DO NOT, as Delancey said, leave the boat with her stern to the wind. Do remove the dinghy from the davits. Remove everything from the dinghy, and either lash on deck, or fill with water
and secure it fore and aft athwart the stern as low as possible, so the wind can't get under it and flip it. It will then be in the lee of the boat, and may safely make it through. Stow the engine
below, or possibly in the lazarette, if it will fit.
Remove ALL canvas
, and sails.
Triple up on the dock
lines, and have some go to piles. Are your cleats
through bolted? Ones that are not are more likely to get pulled out. Use chafe gear
on the cleats
, flip-flops are used for this some places, but the concept
is to use chafe gear
at all the chafe points.
Double or triple the number of fenders, if you're not in a double fingered slip. They sometimes pop, they also, sometimes pop out from between you and the dock
If you have roller furler
foils, stabilize them.
Make sure your cockpit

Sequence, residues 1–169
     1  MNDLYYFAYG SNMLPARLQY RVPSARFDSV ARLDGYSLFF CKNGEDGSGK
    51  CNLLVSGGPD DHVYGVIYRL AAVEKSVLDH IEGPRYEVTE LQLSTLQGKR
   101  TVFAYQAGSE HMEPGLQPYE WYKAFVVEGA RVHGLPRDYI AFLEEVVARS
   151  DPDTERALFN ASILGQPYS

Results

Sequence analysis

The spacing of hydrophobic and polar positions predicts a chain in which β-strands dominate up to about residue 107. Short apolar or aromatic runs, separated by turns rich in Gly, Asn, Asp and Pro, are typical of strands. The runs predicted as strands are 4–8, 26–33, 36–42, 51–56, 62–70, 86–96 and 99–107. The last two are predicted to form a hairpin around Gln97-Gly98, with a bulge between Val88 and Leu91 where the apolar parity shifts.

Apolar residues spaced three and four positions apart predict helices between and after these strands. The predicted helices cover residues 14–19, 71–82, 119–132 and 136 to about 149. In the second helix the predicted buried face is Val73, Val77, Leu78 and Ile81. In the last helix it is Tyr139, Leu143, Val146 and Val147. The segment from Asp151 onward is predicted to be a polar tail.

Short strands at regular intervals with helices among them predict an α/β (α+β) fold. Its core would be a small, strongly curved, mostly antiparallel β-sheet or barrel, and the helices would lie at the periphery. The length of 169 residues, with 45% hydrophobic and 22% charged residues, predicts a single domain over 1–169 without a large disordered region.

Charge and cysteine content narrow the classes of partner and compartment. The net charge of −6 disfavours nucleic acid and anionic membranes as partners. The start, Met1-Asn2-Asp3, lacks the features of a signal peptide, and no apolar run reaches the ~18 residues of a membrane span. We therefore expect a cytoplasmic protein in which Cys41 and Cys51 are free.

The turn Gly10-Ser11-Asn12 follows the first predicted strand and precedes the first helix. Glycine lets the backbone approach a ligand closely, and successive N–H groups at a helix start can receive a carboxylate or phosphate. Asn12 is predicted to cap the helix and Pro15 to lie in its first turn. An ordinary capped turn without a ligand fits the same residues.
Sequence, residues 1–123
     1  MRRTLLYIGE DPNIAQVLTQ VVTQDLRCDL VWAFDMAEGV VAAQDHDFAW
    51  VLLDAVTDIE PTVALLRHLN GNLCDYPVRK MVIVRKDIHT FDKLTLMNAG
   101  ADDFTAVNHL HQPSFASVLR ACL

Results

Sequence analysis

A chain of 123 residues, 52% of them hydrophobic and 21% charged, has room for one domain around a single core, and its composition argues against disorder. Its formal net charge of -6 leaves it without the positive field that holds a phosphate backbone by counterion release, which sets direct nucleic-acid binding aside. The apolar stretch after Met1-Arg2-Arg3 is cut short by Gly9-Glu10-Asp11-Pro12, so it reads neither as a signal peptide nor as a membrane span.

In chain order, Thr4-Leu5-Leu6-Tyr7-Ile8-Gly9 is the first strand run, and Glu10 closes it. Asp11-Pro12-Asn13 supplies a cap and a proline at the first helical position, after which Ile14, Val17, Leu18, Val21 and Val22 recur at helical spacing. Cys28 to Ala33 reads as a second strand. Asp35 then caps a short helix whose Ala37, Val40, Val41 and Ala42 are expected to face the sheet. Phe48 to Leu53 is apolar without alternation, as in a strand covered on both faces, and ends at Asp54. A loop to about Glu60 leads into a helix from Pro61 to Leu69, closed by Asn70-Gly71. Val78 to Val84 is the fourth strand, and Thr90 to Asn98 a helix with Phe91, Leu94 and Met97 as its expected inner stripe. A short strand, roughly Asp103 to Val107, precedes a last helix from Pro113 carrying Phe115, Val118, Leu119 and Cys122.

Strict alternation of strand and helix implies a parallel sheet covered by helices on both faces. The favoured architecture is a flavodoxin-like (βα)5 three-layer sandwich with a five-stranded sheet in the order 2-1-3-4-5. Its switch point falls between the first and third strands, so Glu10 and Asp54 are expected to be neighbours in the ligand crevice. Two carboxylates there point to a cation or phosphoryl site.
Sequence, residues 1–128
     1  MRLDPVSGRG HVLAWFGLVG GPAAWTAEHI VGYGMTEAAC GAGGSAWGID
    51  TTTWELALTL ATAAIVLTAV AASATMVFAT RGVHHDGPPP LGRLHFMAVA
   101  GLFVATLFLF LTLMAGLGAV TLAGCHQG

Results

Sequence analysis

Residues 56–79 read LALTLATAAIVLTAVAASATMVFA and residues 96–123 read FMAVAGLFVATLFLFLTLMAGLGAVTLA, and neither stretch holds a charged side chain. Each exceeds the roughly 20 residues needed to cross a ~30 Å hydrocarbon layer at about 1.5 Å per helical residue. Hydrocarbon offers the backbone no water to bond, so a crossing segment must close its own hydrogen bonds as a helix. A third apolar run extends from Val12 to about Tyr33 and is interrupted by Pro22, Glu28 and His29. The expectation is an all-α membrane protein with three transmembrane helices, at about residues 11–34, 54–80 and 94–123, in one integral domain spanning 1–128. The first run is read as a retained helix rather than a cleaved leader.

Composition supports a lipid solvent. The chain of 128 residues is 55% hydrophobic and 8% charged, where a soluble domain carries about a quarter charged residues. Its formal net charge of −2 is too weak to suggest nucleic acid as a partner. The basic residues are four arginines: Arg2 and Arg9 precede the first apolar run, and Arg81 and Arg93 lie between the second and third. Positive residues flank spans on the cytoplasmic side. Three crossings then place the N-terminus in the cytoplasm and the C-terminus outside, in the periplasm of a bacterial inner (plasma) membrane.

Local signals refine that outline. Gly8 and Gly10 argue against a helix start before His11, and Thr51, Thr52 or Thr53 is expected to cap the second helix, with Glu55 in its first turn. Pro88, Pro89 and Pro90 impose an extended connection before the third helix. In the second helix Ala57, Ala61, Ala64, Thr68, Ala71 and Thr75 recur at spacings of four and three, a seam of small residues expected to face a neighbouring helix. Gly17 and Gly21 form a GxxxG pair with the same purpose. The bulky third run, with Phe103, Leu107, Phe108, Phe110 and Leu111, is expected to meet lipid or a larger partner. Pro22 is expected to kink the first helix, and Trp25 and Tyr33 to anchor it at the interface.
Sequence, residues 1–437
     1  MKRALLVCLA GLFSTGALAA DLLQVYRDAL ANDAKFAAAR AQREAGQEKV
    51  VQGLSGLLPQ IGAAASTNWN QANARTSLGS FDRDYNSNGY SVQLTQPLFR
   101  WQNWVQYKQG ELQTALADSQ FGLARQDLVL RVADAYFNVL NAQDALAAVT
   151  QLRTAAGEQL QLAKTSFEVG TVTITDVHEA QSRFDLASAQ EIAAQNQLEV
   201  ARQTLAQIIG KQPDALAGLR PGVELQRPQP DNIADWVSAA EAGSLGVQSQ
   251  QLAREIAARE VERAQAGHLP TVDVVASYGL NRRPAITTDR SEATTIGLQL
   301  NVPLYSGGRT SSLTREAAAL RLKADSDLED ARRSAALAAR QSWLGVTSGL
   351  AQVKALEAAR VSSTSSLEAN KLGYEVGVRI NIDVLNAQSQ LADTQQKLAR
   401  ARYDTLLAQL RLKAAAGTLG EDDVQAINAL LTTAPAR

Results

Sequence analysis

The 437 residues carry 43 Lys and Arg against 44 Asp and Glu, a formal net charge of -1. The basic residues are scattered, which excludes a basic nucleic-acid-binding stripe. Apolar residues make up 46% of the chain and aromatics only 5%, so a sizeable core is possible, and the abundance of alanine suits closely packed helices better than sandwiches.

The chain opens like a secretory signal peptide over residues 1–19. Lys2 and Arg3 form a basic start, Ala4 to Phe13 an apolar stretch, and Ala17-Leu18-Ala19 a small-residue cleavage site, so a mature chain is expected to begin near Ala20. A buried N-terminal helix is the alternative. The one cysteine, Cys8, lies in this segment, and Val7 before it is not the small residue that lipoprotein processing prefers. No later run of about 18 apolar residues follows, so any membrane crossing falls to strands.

drains are clear.
Make sure your automatic bilge pump
strainer is clean, and the hose clear, power on. You'd be surprised how much water comes in through the mast
to wherever your boat has it drain to. (Ours goes to the shower sump
, and its automatic bilge
pump). That water, which will come in, needs to be able to leave.
If you prepare for the worst, then there's no more you can do, except, if you stay with the boat, some of the time, you will be able to help yours, and also, perhaps, others, whose boats threaten yours, or are friends. S/V Shameless did that for the hurricane
that hit San Carlos
a couple of weeks ago, and made a video of it when it was in the 40 knot
Custom Search for s/v shamelss posts should get you there, if you want to see some of what to expect in the 40 knot
Good luck with it.